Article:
Your Most Important Portfolio isn’t your Financial Portfolio…


When people hear the word “portfolio,” too often they immediately begin to see dollar signs.  With Wallstreet garnering attention from news headlines to Hollywood films, it is understandable.  However, your Financial Portfolio isn’t your organization’s most important portfolio. That honor resides with your IT Portfolio.

Your IT Portfolio, at its most basic level, is all of the technologies at your group’s disposal.  This includes both your hardware (think laptops and servers) and software (Microsoft Office or custom software).  The reason your organization should favor its IT Portfolio over its Financial Portfolio is your Financial Portfolio earns money while your IT Portfolio generates money.  Confused on the difference?  I’ll elaborate….

Sitting in a savings account or index fund, your money is making modest benefits for you sure, but it isn’t helping you complete your mission.  The top organizations, perhaps your organization, have mission.  Top organizations have purpose.  And they need assets to accomplish that purpose.  Your IT Portfolio is comprised of nothing but enabling assets, and those assets need to be strategically monitored and updated to ensure their benefits are being maximized by your organization’s most valuable asset, its people!

The Why and How of IT Portfolio Management

Working for a company that specializes in IT Portfolio Management, I’ll let you in on a little secret…most organizations don’t manage their IT stack well.  Some don’t at all.  When you aren’t managing your IT effectively, you relocate yourselves to a position of reaction.  It is like attempting to walk into Minibar on E St without reservations…at 6:30pm on a Friday night…when the Capitals have a home game.  It may work in your favor, but the odds are heavily stacked against you my friend.

To truly manage your IT assets, you need a plan.  That plan needs to focus on three classes of assets; assets you currently rely on, assets you are actively incorporating, and assets you are assessing to fill future needs.  Let’s break that down in three phases known in industry as IT Asset, IT Project, and IT Discovery respectively.

  • IT Asset projects focus on keeping your current IT Systems running smoothly.  Similar to getting a regular oil change to keep that sports car purring like a kitten, monitoring IT patches, network connections, and, from time to time, a little elbow grease, is all that is required in this stage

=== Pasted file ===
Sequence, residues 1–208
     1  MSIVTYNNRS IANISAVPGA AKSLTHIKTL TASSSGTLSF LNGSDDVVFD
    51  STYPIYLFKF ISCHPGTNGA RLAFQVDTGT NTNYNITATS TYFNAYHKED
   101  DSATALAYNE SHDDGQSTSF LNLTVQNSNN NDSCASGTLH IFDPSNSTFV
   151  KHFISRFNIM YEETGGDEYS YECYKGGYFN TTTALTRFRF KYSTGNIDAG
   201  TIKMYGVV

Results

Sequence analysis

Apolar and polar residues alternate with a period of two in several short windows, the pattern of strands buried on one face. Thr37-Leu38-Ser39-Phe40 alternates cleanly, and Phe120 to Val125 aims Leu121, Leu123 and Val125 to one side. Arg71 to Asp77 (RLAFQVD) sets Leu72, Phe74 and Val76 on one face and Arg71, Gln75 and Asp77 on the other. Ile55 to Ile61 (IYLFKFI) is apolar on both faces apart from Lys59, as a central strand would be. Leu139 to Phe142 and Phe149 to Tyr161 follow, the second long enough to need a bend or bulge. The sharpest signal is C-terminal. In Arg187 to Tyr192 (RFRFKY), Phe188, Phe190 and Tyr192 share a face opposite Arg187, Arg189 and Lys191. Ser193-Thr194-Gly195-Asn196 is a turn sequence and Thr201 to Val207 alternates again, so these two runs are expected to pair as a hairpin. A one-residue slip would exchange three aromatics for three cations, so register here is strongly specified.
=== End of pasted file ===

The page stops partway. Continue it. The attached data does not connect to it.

• IT Project is the process of establishing a new IT Asset.  At this point, the stakeholders have been identified and Use Cases established, now it is time to bring in the Tech Geeks (which I say lovingly having been a Developer in my yesteryear) to do amazing things.
  • IT Discovery is where an organization examines its business priorities, looks for gaps in alignment between their priorities and their technology infrastructure, and investigates the latest industry trends in an attempt to bridge the divide.

Think BIG

IT Discovery however, is where the fun comes in.  Organizations have been building projects and managing their assets for years, but many companies fail to comprehend the importance of the IT Discovery phase.  In IT Discovery, an organization gets to focus on forward thinking ideas that can potentially propel it forward for the next decade or more.  These experiments shouldn’t focus on how to mitigate the small headaches, such as the one coming when you have to migrate from Windows 7 to Windows 10.  (Like John Stewart’s departure from The Daily Show, as much as you may want to fight it, it’s happening, so get on board.)  That would take place with money set aside for IT Asset projects.

IT Discovery provides an opportunity to think bigger.  Ever wanted to know how Big Data would affect your bottom dollar?  Experiment and find out!  Interested in some of the fascinating work being done with 3D printers?  Try before you commit!!  These experiments should be built around actual Use Cases that trouble your team today to fully understand how they could be implemented, but small enough in scope that if it doesn’t pan out you aren’t bankrupt.  When the experiments are complete, only those where the projected ROI is great enough move forward.

While I’m glossing over many details in relating technological gaps to business needs, defining goals for Proof of Concept experiments, and establishing gates and checkpoints to move between the three phases, starting to align your technology portfolio into these three groups is a great first step in taking back your IT Stack and ensuring your people have the technology they need to complete their purpose

Steve Palmer is part of the GovLoop Featured Blogger program, where we feature blog posts by government voices from all across the country (and world!). To see more Featured Blogger posts, click here.

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